1. The HI Travel Tales team did take the “First Passage” route to Banff, but then stayed in the area for several days (granted, with a friend), renting a car through Rocky Mountaineer (that was actually less expensive than direct with the rental company, we found). Then we dallied up the Columbia Icefields Parkway to Jasper where we had booked our own hotel (more on that later), and rejoined the Rainforest trip back the next morning.
HITT Tip: If you plan something like our car rental in No. 3, above, do allow yourself plenty of time. We had one day and really wished we allowed an extra night in Jasper, where we could have then stayed and driven back out the Parkway the next day for a little additional touring.
Rocky Mountaineer at Hells Gate

The Rocky Mountaineer trip from Vancouver to Banff features views of Fraser Canyon too. Here, we look down on Hell’s Gate before reaching Kamloops.

Hotels: Do you need the Gold hotels or Rocky Mountaineer hotels?

  1. On mid-way stops (e.g. Kamloops and Quesnel, as mentioned above) you spend less than 12 hours in each town – and with a couple of hours in a restaurant you’ll likely spend less in the room. A fancy Gold-level hotel may not be worth the money, unless you will settle for nothing less. We found the not-quite-luxury Thompson Hotel in Kamloops indeed basic but very nice for the time we had there – clean and well run. In Quesnel, choices are so limited that even the alleged Gold level choice (Best Western Tower Inn) is questionable – Wifi didn’t work in the room, garbage cans weren’t emptied, sheets were rough, pillows thin, etc… — so be prepared for what feels like a motel experience.
  2. We planned our own hotels in three places: the night before our Vancouver departure, upon our Vancouver return, and in Jasper when we rejoined the train for the Rainforest route back westward. We not only paid less, but we were just as conveniently located. In Jasper, we found a fantastic little place called the Park Place Inn that was supremely located, quiet, friendly, and just a couple of blocks from the station. HIGHLY recommended, at least when we were there in 2014 (and it seems to have maintained that satisfaction level, per Trip Advisor ratings). Jasper is so small that you can walk a couple of blocks from most anywhere – meaning the tracks and train whistles will get you coming and going. The Whistler’s Inn hotel is DIRECTLY across the street from the tracks and folks who stayed there moaned about not being able to sleep, thanks to those romantic but noisy trains (this is now a Silver-level hotel). So use Google Maps to help you find what fits your needs.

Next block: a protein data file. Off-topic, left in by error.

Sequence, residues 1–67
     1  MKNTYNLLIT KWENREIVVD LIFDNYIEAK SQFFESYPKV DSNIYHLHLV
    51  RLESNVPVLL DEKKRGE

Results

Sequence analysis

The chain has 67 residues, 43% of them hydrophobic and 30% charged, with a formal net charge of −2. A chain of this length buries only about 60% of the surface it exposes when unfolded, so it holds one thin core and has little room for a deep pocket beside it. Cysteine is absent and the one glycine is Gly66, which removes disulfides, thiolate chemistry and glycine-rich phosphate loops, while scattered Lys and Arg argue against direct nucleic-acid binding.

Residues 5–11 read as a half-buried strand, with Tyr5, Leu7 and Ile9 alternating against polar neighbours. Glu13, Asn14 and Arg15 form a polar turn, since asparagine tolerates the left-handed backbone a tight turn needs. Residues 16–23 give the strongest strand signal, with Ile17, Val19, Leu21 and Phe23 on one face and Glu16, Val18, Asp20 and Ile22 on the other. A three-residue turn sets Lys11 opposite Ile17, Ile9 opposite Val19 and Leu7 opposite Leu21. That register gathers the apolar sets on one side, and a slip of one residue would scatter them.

3. On the other hand, the Delta Whistler Village suites hotel (now a Marriott) where we were booked into had all you’d need for a longer stay, including laundry facilities and a full kitchen. We found it fantastic, although it is now classes as a Silver Leaf hotel (it was Gold then). But if you wanted to hang longer and save a few dollars there is a plethora of condo rentals in town too.
HITT Tip: Use your favorite hotel review website to check out Rocky Mountaineer hotel partners to help you determine a preference – and don’t hesitate to book your own (we recommend!
Rocky Mountaineer rolls into Jasper station.

Sunrise in Jasper at the Rocky Mountaineer train station as our train rolls into the station.

The Rocky Mountaineer train holidays deserve their place on the bucket list of many. Such a fabulous experience, good food, and over-the-top professional service. Hopefully our Rocky Mountaineer travel tips will help you do it your way for an even more memorable vacation.

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Thompson River

Park Place Inn - Jasper

Rocky Moutaineer Train Station - Vancouver

Rocky Mountaineer Train Station - Banff

Rocky Mountaineer Train Station - Jasper

Rocky Mountaineer Train Station - Whistler

Rocky Mountaineer Train Station - Kamloops

Heads up! This information with Rocky Mountaineer travel tips was accurate when we published it on HI Travel Tales, but, as we know, traveling is all about changes (and inflation, sadly). It is your sole responsibility to confirm prices, transportation schedules, hours of operation, safety and health considerations, and any other important details before your adventure.
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Therese Iknoian

Co-Conspirator at HI Travel Tales
Little did her parents know that a short trip to Europe in high school would launch a lifetime love of travel, languages and cultures. Trained as a news journalist, Therese Iknoian now focuses her writing and photography talents on travel. Fluent in German, Therese also runs a translation business ( working primarily with companies in the outdoor/sports/retail industry. She's a French speaker, and loves to learn a bit of the language wherever she goes -- gdje je kupaonica? Мне нужна помощь! -- often embarrassing herself in the quest for cross-cultural communication. Therese is an award-winning member of the North American Travel Journalists Association.